This tutorial is dedicated to my friend, Lisi, who will be tackling a canopy as her first sewing project! Yay since my original canopy was my first real sewing project last year! This tutorial includes step-by-step, detailed instructions and lots of pictures (click images to enlarge them) so any beginner seamstresses can follow along. THIS PROJECT IS EASY, I PROMISE! If you’re more experienced at sewing, just ignore the info you don’t need.

A few basic sewing terms before we begin (the ones I didn’t know when I made my original canopy):

Press” just means iron it. When you sew a seam it will initially be 'bubbly', which is why you iron it to make it a nicely creased edge.

Topstitch” means sewing all the way round on top (I usually do ¼” or less from the edge). It keeps your edges nicely creased after washing the item, helps close open edges, and can be decorative as well.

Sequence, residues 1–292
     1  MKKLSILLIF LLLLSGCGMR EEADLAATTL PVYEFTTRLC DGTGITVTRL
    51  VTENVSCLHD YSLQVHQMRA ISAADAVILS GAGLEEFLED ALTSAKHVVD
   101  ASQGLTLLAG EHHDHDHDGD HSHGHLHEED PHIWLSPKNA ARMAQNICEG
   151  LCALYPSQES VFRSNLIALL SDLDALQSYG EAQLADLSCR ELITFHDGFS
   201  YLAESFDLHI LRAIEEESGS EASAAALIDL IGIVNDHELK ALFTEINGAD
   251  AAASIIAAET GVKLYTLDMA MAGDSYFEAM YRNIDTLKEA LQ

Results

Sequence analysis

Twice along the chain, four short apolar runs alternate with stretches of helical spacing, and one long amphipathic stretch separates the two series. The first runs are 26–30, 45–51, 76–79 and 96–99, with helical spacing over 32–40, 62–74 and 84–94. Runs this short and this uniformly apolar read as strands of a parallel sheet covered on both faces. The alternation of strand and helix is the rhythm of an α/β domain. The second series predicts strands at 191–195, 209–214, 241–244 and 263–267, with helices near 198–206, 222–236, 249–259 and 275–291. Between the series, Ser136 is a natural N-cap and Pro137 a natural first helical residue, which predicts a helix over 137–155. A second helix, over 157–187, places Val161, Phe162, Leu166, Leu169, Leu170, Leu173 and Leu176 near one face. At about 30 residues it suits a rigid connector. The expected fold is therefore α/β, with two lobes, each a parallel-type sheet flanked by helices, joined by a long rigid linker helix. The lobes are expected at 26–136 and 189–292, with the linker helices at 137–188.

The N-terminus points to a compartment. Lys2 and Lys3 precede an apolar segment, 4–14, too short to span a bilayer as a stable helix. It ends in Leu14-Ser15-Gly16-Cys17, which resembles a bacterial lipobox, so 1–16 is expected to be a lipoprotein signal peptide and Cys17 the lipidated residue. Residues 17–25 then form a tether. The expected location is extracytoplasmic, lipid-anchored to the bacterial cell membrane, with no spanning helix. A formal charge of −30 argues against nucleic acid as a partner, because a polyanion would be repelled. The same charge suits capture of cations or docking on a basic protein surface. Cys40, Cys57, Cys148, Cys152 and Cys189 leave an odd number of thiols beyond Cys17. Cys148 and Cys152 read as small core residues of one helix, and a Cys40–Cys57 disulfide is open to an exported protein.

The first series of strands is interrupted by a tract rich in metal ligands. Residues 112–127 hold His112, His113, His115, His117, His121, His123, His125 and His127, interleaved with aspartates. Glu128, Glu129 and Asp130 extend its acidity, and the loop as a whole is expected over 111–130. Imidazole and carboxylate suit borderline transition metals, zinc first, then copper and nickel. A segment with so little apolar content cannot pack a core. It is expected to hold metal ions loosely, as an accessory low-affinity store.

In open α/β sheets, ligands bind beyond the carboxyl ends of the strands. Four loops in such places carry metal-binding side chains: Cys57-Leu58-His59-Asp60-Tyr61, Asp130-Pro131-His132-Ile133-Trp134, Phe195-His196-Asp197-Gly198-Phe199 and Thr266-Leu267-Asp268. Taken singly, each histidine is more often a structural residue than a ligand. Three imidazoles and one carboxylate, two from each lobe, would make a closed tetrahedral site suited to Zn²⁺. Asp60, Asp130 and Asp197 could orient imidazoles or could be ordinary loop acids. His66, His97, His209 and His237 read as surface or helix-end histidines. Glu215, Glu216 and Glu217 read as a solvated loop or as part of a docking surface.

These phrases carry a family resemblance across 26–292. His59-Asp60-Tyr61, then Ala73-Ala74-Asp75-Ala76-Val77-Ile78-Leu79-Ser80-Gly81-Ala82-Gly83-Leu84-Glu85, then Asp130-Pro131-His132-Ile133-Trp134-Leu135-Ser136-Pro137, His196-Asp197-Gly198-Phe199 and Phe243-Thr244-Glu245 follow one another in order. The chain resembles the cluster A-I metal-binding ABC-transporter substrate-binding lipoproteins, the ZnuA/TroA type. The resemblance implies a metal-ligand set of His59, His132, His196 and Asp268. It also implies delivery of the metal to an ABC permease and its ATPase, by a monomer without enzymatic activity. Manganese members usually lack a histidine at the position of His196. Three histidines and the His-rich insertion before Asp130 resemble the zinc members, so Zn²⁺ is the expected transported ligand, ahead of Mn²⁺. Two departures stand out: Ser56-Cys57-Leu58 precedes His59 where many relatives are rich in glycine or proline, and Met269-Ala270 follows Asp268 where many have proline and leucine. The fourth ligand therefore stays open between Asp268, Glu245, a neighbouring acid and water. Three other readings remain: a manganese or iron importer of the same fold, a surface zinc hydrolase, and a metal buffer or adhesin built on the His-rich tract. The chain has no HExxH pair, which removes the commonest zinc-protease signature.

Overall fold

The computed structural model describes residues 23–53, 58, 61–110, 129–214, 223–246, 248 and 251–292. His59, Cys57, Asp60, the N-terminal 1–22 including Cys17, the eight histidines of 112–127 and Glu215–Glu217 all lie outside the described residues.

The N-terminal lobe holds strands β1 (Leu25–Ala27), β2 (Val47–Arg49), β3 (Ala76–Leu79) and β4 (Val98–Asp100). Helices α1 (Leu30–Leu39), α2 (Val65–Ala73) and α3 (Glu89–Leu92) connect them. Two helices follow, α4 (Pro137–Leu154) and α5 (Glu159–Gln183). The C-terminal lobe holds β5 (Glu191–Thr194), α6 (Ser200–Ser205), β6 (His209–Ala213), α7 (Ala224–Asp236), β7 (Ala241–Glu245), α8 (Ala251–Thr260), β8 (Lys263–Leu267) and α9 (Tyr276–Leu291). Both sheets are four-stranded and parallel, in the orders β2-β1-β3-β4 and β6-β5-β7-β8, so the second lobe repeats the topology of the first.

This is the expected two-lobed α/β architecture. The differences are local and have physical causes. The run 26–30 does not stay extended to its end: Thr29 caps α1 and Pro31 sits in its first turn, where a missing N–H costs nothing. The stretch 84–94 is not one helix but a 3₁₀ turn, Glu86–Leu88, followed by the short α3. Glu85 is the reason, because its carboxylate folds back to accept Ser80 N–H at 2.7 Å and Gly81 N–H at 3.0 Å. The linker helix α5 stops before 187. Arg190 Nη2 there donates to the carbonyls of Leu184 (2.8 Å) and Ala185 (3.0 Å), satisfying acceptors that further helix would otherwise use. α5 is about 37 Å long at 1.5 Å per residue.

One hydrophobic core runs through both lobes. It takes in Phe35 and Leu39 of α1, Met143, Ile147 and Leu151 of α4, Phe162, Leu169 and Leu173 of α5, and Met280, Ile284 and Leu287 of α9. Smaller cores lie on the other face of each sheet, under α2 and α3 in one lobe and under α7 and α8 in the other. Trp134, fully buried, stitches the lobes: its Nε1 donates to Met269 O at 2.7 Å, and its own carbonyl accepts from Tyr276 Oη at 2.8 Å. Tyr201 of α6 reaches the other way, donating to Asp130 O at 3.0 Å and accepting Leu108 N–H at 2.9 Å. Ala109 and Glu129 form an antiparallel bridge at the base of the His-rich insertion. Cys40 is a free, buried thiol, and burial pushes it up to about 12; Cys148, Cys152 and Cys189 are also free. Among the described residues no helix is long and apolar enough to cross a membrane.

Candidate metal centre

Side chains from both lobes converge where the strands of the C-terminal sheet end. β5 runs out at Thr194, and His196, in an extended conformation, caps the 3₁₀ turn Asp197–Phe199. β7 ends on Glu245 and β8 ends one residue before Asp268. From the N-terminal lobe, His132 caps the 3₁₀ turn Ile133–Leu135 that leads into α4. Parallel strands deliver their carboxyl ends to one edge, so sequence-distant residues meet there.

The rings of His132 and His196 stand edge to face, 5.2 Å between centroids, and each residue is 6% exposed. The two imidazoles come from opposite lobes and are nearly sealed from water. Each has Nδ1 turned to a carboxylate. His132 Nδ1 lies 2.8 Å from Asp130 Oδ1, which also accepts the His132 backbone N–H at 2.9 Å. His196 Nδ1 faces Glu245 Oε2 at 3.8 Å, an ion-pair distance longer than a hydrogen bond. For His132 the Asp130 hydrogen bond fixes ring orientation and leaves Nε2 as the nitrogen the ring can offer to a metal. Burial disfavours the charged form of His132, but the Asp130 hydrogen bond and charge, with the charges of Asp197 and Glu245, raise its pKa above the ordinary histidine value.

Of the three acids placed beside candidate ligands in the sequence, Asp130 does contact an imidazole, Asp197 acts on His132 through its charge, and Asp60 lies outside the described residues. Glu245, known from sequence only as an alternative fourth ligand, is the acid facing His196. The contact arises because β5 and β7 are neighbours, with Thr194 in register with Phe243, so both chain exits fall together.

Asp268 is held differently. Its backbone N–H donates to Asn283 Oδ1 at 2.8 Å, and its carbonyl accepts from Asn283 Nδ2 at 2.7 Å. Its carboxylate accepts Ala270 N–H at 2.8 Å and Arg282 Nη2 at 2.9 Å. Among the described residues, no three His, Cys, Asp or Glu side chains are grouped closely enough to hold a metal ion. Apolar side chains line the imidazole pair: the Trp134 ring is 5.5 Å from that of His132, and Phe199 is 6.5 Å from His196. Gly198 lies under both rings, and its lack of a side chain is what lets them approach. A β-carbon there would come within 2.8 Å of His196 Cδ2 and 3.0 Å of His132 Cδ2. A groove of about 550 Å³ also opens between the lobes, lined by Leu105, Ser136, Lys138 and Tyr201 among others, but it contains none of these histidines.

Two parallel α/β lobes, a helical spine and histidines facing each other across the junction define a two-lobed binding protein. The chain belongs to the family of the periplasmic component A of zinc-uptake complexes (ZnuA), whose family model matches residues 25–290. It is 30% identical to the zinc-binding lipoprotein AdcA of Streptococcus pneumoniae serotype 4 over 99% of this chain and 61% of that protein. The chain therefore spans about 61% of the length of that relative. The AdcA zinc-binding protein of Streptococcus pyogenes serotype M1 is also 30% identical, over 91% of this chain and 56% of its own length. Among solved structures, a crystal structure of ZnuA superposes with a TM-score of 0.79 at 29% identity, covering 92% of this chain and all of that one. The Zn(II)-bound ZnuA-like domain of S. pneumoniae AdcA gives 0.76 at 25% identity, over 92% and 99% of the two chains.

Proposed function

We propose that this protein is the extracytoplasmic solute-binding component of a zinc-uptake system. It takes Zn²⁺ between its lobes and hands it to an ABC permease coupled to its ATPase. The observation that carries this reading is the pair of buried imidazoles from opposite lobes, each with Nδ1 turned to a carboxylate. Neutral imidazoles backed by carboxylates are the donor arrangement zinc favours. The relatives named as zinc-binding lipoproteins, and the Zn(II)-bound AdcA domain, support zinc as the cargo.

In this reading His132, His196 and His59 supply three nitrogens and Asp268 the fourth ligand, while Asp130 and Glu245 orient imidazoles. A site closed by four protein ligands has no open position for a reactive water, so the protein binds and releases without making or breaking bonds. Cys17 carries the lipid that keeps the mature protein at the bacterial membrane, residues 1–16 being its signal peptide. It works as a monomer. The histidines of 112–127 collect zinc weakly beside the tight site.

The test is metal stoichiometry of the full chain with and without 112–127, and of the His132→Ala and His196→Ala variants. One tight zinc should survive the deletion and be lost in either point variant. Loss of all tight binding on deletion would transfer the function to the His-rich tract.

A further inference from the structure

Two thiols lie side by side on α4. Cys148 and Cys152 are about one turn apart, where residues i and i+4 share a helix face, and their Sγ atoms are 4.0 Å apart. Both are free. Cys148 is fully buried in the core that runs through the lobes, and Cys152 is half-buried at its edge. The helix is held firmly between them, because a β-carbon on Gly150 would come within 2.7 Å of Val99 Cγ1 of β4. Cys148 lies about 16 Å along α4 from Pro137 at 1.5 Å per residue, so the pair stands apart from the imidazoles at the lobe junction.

Right sides together” is pretty self-explanatory, but you just take your fabric and put the printed sides facing each other, so your wrong sides (unprinted sides) are facing out.

Directional fabric” has a print that needs to go a specific direction, like words that must be upright as opposed to polka dots which can be turned any direction. If you’re a beginner, I’d really suggest staying away from directional fabric as it just complicates things.

*1 1/3 yard front fabric
*1 1/3 yard back fabric
*4” sew-on Velcro (don't get the adhesive kind)
*Any coordinating fabric, ribbon, etc. to embellish as desired (not necessary)
*A medium bowl from your kitchen (about 7-10" diameter)
*Basics like thread, scissors, pencil, ruler, iron, pins, and of course a sewing machine :-)

Here's what I used:


Cut 35” wide x 41” tall pieces out of both your back and front fabric. Save your scraps for later use.

Round the corners using a medium bowl to trace the curve (mine was 8.5” diameter).
Place those two large pieces right sides together (see photo below). Sew around the edge with a ½” seam, but be sure to leave an opening (approx. 8”) somewhere so you can turn it right side out later.

Cut little tiny slits around the rounded corners (being careful NOT to cut through your seam).

Reach in through your opening, grab the other end, and pull to turn the fabric right side out.